Pyrrhus victory for a colourless president in Poland (and Germany)
I am still in Coventry but livestreaming and mediatisation mean I have followed the Polish presidential elections - and the German ones - more or less as if I had been there. I had followed some past Polish elections much more closely, and indeed I had reported the last presidential ones (in 2005) for il Manifesto (this was for instance my article on Lech Kaczynski's victory: kaczor.pdf).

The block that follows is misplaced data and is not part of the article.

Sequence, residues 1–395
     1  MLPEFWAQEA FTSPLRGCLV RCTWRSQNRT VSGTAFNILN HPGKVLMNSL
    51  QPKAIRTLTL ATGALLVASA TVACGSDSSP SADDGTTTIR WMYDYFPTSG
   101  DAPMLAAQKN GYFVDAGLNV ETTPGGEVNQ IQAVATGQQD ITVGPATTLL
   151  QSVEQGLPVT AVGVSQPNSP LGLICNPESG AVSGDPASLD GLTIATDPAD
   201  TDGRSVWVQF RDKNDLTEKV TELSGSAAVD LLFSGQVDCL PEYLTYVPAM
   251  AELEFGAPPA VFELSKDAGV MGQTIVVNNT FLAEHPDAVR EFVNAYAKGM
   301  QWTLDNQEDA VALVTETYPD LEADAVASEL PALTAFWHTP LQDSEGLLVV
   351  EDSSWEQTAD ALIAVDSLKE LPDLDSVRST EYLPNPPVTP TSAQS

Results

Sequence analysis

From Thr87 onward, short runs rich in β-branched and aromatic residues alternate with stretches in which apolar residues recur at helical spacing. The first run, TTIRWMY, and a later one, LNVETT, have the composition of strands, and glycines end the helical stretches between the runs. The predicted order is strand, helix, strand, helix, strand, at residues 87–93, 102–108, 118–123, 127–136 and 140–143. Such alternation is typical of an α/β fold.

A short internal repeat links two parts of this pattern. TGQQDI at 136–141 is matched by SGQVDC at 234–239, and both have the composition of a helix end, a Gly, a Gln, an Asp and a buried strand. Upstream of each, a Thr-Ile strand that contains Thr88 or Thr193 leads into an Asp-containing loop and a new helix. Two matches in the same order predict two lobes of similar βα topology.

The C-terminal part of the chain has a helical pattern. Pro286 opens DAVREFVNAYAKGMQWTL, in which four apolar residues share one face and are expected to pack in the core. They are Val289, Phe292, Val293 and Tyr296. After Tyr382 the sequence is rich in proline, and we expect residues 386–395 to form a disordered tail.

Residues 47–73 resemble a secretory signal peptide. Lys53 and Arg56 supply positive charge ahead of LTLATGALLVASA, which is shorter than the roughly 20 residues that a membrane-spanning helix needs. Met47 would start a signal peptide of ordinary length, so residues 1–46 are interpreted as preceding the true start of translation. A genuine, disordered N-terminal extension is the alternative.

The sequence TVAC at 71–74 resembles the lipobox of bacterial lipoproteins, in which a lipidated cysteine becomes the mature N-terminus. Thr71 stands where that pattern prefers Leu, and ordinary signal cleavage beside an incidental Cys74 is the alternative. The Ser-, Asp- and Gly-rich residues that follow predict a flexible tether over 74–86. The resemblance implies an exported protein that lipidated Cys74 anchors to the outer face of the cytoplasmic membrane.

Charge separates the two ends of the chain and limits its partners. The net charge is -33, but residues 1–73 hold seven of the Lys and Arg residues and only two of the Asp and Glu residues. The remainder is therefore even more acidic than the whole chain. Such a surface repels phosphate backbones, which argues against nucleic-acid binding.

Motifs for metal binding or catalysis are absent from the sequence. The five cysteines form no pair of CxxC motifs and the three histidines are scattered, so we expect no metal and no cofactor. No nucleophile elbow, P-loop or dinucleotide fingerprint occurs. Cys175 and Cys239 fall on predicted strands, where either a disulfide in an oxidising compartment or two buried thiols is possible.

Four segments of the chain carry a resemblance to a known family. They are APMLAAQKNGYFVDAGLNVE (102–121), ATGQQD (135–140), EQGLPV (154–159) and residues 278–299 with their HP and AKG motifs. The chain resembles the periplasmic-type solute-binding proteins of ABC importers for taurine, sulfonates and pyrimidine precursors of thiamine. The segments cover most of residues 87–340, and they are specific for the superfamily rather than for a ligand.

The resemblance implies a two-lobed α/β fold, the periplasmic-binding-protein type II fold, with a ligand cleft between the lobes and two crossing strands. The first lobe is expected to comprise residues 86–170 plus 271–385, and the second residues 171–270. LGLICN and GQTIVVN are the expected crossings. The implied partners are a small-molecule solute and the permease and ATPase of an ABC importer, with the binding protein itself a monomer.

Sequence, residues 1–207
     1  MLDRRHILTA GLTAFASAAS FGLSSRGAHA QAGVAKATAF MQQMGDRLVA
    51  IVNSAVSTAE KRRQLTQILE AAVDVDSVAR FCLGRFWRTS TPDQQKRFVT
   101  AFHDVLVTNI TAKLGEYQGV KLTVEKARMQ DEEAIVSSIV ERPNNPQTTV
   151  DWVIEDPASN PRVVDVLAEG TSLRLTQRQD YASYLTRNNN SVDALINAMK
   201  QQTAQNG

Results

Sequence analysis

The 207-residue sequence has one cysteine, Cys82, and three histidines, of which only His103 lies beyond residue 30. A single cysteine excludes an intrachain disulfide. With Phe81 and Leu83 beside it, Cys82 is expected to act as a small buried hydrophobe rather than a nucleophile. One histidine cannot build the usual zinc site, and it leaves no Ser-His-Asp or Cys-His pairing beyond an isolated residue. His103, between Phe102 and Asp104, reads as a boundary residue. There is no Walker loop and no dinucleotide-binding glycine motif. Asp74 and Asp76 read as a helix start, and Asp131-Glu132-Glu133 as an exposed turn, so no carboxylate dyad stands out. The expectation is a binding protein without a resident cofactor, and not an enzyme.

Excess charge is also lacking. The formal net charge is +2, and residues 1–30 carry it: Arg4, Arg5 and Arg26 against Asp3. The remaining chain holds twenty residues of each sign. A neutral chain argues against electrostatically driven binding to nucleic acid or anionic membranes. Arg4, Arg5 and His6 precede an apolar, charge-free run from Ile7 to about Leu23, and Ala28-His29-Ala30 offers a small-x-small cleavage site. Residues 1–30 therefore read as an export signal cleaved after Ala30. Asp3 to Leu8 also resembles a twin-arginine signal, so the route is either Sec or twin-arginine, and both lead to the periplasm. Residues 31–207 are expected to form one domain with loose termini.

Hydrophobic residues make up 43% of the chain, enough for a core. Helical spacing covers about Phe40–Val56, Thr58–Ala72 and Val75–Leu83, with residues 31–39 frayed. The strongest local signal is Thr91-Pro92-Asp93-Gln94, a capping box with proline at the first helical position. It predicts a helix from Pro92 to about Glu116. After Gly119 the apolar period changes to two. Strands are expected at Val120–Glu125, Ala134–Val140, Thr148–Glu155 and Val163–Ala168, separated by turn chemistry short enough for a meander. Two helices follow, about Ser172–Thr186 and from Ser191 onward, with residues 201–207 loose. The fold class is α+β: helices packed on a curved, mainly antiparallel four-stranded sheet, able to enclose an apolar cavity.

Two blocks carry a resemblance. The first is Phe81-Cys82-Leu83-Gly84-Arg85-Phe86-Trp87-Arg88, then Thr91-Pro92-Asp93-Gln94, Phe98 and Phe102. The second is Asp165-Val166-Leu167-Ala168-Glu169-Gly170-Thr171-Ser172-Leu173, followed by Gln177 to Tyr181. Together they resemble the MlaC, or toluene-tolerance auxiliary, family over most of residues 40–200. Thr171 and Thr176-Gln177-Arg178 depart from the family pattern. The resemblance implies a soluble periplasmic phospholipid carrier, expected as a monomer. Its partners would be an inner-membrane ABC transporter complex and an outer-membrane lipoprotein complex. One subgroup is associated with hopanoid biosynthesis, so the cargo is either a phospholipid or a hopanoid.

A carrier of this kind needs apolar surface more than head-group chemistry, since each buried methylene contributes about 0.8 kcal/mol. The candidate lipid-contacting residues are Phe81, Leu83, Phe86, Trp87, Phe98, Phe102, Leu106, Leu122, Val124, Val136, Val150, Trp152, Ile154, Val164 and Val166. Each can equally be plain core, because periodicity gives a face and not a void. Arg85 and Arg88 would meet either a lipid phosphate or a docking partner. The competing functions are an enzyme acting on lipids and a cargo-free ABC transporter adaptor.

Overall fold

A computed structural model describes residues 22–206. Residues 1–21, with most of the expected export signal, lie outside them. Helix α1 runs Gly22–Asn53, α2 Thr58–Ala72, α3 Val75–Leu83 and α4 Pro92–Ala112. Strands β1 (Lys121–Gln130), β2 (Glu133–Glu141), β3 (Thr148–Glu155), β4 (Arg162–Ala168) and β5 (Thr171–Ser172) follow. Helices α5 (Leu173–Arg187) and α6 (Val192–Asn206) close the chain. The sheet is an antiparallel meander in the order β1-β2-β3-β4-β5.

The Polish election night started with the exit polls and if one had looked at the images without sound, would have came to the wrong conclusions. On one side, the liberal Bronislaw Komorowski looked as colourless as ever, the little crowds looked bitter, and when two heroes of the Polish transformation joined on stage (Tadeusz Mazowiecki, first democratic prime minister in eastern europe, who by the way I have the honour to have taught how to eat langoustines in a restaurant of Transtevere in 2003, and Wladislaw Bartoszewski, first non-communist foreign affair minister), they all looked tearful. On the other side, Jaroslaw Kaczynski looked bright and determined, surrounded by an enthusiastic crowd making victory signs. But the winner was the former. Why such inverted emotions? Because Kaczynski, even losing, had received twice as many votes as the opinion polls had predicted a few weeks ago, or had predicted for his twin brother when he was the candidate. Komorowski, by contrast, had hoped to obtain a landslide in the first round two weeks ago, but eventually needed a second round and prevailed by just 6 percentage point. At midnight, just for the sake of adding some artificial drama, the official results from half of the polling stations even put Kaczynski ahead, but only because the first stations to declare are the small ones from the countryside, where Kaczynski is much more popular than in the cities.